@Toscani Regarding clocks:
"6.5 Before the start of the game the arbiter shall decide where the chessclock is placed."
Thats a paragraph from the fide rules of chess. handbook.fide.com/chapter/E012018
Every arbiter will place the clocks in a way he has easy access to the displays. E. g. on a long table row every clock in the same direction. Or when a table is next to a wall, the clock will of course be placed that the arbiter can see the clock from the other side of the table.
And with the own clock that's a special north american thing i guess. In all tournaments i've participated the tournament provided clocks.
But @mheadley please check your USFC rules and let them demonstrate how to start and stop their clocks. If you must call the arbiter, you're allowed to stop the clock. I don't know if the arbiter knows every clock they use, so you maybe trust your opponents settings or you could check yourself, maybe also write down the time on every move. Keep an eye on delay / increment. If the game is 60 minutes with 5 sec delay, the time should never go up and the delay should be same for both players. I'm not saying, that many people want to betray. Often the settings must be made manually and faults happen.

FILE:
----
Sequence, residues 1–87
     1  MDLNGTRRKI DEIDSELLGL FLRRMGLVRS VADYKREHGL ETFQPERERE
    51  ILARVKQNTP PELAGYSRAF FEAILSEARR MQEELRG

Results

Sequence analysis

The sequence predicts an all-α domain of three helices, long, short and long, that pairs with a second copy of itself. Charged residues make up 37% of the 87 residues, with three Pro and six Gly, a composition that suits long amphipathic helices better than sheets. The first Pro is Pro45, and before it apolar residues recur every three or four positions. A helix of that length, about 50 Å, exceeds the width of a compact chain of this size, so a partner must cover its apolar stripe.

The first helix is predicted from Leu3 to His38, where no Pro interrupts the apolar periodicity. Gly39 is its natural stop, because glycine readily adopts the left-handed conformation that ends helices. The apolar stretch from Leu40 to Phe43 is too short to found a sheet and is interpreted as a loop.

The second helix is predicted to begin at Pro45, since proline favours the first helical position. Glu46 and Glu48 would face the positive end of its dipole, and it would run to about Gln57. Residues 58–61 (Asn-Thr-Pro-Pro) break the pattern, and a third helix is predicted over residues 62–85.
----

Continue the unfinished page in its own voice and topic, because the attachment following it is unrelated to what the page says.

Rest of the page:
@Karpfenkopf That is true in FIDE rules....as well as in clock adjustments and how to stop/start clocks... since @mheadley is flagged as a US player and thus, assuming USCF rules, if the arbiter/director does not specify clock placement, black gets choice on which side the clock may be placed.
Most US tournaments request players to bring their own equipment, and black gets to decide which set is used, unless black has no or non-standard equipment.
I simply assumed it would be USCF since most tournaments here in the states are... but I just read Saturday's casual blitz is "not FIDE rated." Does this mean the tournament as a whole is FIDE? This is something I need to look at further! Thanks!
Generally, when the announcement says that (not-FIDE rated), then it implies that there may be one or more of the top sections that are both FIDE and USCF rated, with the lower or other side events being not FIDE rated, but still USCF rated.
If you look at the tournament announcement (if they have one) in Chess Life, or online, any sections that are FIDE rated will explicitly state "FIDE" or "FIDE-rated" for that particular section. If the whole tournament is FIDE rated, it will usually say so in the beginning of the announcement.
If you like, you can send me a PM to the link of the tournament ad and I can help you out.
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